[b]How Did We Fight? [/b]The Vietnam War varied year by year and region by region, our military’s posture unavoidably mirroring political events in the United States. Too often in today’s America we are left with the images burned into a weary nation’s consciousness at the very end of the war, when massive social problems had been visited on an army that was demoralized, sitting in defensive cantonments and simply waiting to be withdrawn. While reflecting America’s final months in Vietnam, they hardly tell the story of the years of effort and battlefield success that preceded them.

Little recognition has been given in this country of how brutal the war was for those who fought it on the ground and how well our military performed. Dropped onto the enemy’s terrain 12,000 miles away from home, America’s citizen-soldiers performed with a tenacity and quality that may never be truly understood. Those who believe the war was fought incompetently on a tactical level should consider the enormous casualties to which the communists now admit. And those who believe that it was a “dirty little war” where the bombs did all the work might contemplate that it was the most costly war the U.S. Marine Corps has ever fought. Five times as many Marines died in Vietnam as in World War I, three times as many as in Korea. And the Marines suffered more total casualties, killed and wounded, in Vietnam than in all of World War II.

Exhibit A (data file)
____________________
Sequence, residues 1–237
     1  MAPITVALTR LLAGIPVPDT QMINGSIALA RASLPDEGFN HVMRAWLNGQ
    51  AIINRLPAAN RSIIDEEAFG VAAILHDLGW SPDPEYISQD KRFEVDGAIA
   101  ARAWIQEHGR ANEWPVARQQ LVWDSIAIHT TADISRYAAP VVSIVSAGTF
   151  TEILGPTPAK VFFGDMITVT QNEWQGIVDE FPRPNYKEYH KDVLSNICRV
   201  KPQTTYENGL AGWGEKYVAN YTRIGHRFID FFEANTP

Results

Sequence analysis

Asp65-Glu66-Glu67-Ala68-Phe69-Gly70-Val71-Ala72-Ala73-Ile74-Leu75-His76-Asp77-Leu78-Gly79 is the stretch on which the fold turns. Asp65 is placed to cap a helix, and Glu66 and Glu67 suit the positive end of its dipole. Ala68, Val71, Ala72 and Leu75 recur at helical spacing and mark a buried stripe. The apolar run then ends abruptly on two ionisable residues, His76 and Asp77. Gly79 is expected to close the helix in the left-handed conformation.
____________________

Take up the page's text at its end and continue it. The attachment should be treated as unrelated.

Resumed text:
Another allegation was that our soldiers were over-decorated during the Vietnam War. James Fallows says in his book “National Defense” that by 1971, we had given out almost 1.3 million medals for bravery in Vietnam, as opposed to some 1.7 million for all of World War II. Others have repeated the figure, including the British historian Richard Holmes in his book “Acts of War.” This comparison is incorrect for a number of reasons. First, these totals included air medals, rarely awarded for bravery. We awarded more than 1 million air medals to Army soldiers during Vietnam. Air medals were almost always given on a points basis for missions flown, and it was not unusual to see a helicopter pilot with 40 air medals because of the nature of his job.

If we compare the top three actual gallantry awards, the Army awarded:

* 289 Medals of Honor in World War II and 155 in Vietnam.

* 4,434 Distinguished Service Crosses in World War II and 846 in
Vietnam.

* 73,651 Silver Stars in World War II against 21,630 in Vietnam.

* The Marine Corps, which lost 103,000 killed or wounded out of some